By Eric Newton on Nieman Lab, Oct. 13, 2011
Everyone knows the news about the news. A once-in-a-generation media policy report for the Federal Communications Commission — The Information Needs of Communities, released this summer — made things abundantly clear. It detailed the decline of “local accountability journalism.” The evidence: 15,000 journalism jobs lost in the past few years, the lion’s share at daily newspapers. It’s a paradox of the digital age: More information than ever, but less local watchdog journalism. The same communications revolution that makes everyone a potential journalist has at the same time maimed America’s heavily advertising-based method of paying for professional journalism.
The nation’s institutions of higher learning have an important role to play in the local news crisis. In August, at the annual convention of the Association for Journalism and Mass Communication Educators in St. Louis, universities showed they are increasingly getting into local journalism. This is good news. Watchdog journalism is the “security camera” that keeps the powerful honest. Without it, government corruption always increases. The story of Bell, California, a town too small for a daily newspaper, where officials raided the city coffers to pay themselves six-figure salaries, is proof enough that a decline of local news is not without dire consequences.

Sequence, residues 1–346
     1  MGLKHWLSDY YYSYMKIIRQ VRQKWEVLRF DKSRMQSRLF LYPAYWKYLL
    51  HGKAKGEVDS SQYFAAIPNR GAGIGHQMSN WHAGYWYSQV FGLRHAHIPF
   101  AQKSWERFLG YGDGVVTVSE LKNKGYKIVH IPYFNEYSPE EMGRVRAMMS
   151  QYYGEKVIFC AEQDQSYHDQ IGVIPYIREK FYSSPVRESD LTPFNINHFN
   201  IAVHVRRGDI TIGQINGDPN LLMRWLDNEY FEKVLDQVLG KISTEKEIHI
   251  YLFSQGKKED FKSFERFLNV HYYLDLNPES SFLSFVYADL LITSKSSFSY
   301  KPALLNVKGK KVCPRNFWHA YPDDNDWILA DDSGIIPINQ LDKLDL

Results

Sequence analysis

Can journalism education really play a major role in local news flows? Teaching hospitals are some of our best medical institutions. Legal clinics at law schools take on major cases. And a new Harvard report, on the Carnegie-Knight Initiative on the Future of Journalism Education, shows that journalism schools can do it, too. Long thought to be the caboose on the train of American journalism, they can instead be engines of change that drive news agendas.